There were fewer digital point-and-shoot or advanced cameras shown at CES this year than the past—but some of them were extremely innovative. For instance, two new Panasonic cameras let you refocus your shot after you take it.

The move toward fewer, but more creatively engineered, cameras is being prompted by the same technology that has changed so much else in the tech world: the mobile phone. The cameras in phones have largely taken over the traditional role of capturing snapshots for everyday consumers. That may be the biggest reason that during Black Friday week, the NPD Group found that camera sales were down 15 percent compared with 2014 (mostly due to dismal basic point-and-shoot sales).

Panasonic isn't the only company taking chances and including models with intriguing new features and, in some cases, even overhauling the whole design of the camera. 

Here are some of models that are caught our attention.

If you’ve ever shot photos of a once-in-a-lifetime event, a wedding or graduation, for example, you know how important it is to get your shots in focus. No Instagram filter or Photoshop tweaking can fix a blurry photo of a wedding procession. But two new advanced point-and-shoots introduced by Panasonic—the 18-megapixel Lumix DMC-ZS60, for $450, and 20-megapixel Lumix DMC-ZS100, for $700—include a feature called Post Focus, which allows you to refocus your shot after you’ve taken it.

These aren’t the first cameras to do this. A few years ago, Lytro introduced its light-field technology camera, which had the same capability. But the Panasonic models achieve this in a different way: Once you turn on the feature, the cameras fire off a burst of 8-megapixel images at 30 frames per second. (The reason for the lower megapixel size is that the cameras are using their 4K video mode.) During this one-second burst, the camera focuses on various focal points, from the back of the scene to the front, and captures 30 nearly identical shots—the only difference is that they have different points of focus. Later, when you refocus the image, you're really choosing one of those many photos.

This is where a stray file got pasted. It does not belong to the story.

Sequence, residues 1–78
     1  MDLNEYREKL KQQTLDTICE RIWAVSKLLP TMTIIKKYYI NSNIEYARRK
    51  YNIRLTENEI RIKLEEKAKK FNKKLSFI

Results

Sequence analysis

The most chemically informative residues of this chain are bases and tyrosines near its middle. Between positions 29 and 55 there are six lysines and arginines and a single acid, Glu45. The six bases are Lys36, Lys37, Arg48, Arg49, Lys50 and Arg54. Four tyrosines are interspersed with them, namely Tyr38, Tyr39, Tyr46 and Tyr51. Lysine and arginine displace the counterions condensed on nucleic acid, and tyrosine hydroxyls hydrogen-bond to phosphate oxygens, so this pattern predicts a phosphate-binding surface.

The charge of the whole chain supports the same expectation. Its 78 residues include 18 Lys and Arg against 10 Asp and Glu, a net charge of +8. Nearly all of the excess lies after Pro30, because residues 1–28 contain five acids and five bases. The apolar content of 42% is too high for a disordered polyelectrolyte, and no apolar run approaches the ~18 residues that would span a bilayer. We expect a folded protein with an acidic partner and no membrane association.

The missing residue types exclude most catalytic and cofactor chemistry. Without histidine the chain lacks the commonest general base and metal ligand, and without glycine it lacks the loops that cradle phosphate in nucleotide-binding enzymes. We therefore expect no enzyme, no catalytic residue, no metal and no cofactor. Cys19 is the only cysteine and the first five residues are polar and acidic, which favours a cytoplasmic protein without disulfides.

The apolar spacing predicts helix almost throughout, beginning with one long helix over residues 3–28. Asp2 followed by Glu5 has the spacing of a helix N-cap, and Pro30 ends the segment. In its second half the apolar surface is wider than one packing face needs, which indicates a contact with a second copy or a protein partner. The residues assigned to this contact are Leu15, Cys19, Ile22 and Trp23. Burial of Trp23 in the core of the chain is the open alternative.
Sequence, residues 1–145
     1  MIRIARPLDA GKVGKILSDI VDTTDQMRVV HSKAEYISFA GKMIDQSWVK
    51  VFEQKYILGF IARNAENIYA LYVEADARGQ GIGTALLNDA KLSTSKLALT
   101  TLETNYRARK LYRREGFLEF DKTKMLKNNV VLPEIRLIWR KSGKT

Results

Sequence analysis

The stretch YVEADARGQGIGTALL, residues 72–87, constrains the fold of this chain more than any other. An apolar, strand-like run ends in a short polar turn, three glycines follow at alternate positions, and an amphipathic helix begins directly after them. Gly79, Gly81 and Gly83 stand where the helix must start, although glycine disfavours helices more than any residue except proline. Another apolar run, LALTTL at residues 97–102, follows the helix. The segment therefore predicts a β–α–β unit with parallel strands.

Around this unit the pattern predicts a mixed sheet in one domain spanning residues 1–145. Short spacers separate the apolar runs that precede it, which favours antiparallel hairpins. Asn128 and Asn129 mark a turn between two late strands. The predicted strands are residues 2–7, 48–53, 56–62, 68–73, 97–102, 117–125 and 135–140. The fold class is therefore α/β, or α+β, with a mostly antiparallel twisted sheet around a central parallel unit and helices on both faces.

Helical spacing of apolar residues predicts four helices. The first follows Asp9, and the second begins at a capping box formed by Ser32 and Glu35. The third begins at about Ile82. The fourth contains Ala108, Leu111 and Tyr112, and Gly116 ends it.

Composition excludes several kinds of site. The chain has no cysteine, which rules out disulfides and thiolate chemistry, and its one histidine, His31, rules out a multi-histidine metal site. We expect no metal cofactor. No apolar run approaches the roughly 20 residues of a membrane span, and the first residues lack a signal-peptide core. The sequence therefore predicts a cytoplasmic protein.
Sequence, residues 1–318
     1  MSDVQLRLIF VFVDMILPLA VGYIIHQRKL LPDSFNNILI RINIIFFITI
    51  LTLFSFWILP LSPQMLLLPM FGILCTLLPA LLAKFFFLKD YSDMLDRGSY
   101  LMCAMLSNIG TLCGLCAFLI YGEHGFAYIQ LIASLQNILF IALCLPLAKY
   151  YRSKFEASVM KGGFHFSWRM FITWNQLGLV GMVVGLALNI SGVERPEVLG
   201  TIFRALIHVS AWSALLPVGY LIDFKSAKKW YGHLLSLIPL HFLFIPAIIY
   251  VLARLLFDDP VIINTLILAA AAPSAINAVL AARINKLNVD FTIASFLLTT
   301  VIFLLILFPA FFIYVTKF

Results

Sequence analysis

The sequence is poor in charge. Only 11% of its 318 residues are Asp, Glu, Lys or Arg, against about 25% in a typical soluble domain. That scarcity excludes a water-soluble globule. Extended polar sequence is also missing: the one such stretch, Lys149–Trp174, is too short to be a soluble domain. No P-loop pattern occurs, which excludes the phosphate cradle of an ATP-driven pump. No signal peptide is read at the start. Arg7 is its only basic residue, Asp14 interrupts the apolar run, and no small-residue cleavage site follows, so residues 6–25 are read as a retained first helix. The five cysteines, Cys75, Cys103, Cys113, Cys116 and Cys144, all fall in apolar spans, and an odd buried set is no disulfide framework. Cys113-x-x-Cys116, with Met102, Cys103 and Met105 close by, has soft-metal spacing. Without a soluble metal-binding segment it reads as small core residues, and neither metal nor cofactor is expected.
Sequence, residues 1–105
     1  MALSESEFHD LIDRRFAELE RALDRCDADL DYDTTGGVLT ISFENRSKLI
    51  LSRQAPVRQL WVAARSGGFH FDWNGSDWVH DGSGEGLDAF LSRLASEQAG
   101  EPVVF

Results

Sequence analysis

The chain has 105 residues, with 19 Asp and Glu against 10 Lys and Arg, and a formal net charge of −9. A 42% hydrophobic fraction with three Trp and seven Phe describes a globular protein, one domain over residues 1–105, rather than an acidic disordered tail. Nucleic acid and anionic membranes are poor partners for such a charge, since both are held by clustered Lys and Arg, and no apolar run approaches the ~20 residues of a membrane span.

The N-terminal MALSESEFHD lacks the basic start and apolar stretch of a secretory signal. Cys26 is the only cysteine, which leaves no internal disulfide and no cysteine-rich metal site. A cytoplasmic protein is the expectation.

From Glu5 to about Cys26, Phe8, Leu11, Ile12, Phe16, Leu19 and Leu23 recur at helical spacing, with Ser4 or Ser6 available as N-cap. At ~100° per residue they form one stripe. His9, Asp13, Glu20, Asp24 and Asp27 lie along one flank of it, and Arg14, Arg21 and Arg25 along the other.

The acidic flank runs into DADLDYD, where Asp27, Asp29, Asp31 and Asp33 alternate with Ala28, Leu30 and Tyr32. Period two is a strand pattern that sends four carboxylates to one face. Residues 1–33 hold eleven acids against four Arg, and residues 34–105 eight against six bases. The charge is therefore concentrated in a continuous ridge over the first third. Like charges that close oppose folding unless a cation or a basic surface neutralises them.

Another camera shown here at CES is the Light 16, the first computational digital camera. This bold new camera design got a lot of attention when it was announced a few months ago, but at CES the company revealed a working prototype. The Light 16 has a single camera body with 16 different lenses. As we noted when we first covered it back in October, the L16 marries multiple optics components with powerful software to produce images worthy of an advanced digital camera. It was impressive to see the camera actually working, even if it still is in the early prototype stage of product development.

There may have been fewer traditional cameras and even fewer camcorders at CES 2016, but one category that appears to be growing is the 360-degree camcorder. We've already reported on the Nikon KeyMission 360, but Nikon wasn't alone. Ricoh had its Theta S at the show and Kodak had its SP360. There were smaller brands as well: For example, IC RealTech has a 360-degree action cam on view called the ALLieCam Go, which captures video in 1080p HD at 30 frames per second and is water resistant.

One major force driving interest in 360-degree cameras is the growth in virtual reality (VR), which was a prominent theme throughout the entire CES show. The 360-degree videos that these cameras generate can be viewed on a traditional monitor, and viewed by scrolling. But the experience becomes much more immersive when you view the video through a VR headset. And while the much-discussed Oculus Rift has been priced far out of range even for many hardcore gamers at $600, there's a growing number of inexpensive headsets based on Google Cardboard that let anyone with 20 bucks and a smartphone really dive into a 360 video, turning their head to look in all directions. The new cameras will help more people to create 360-degree video content for those headsets. 

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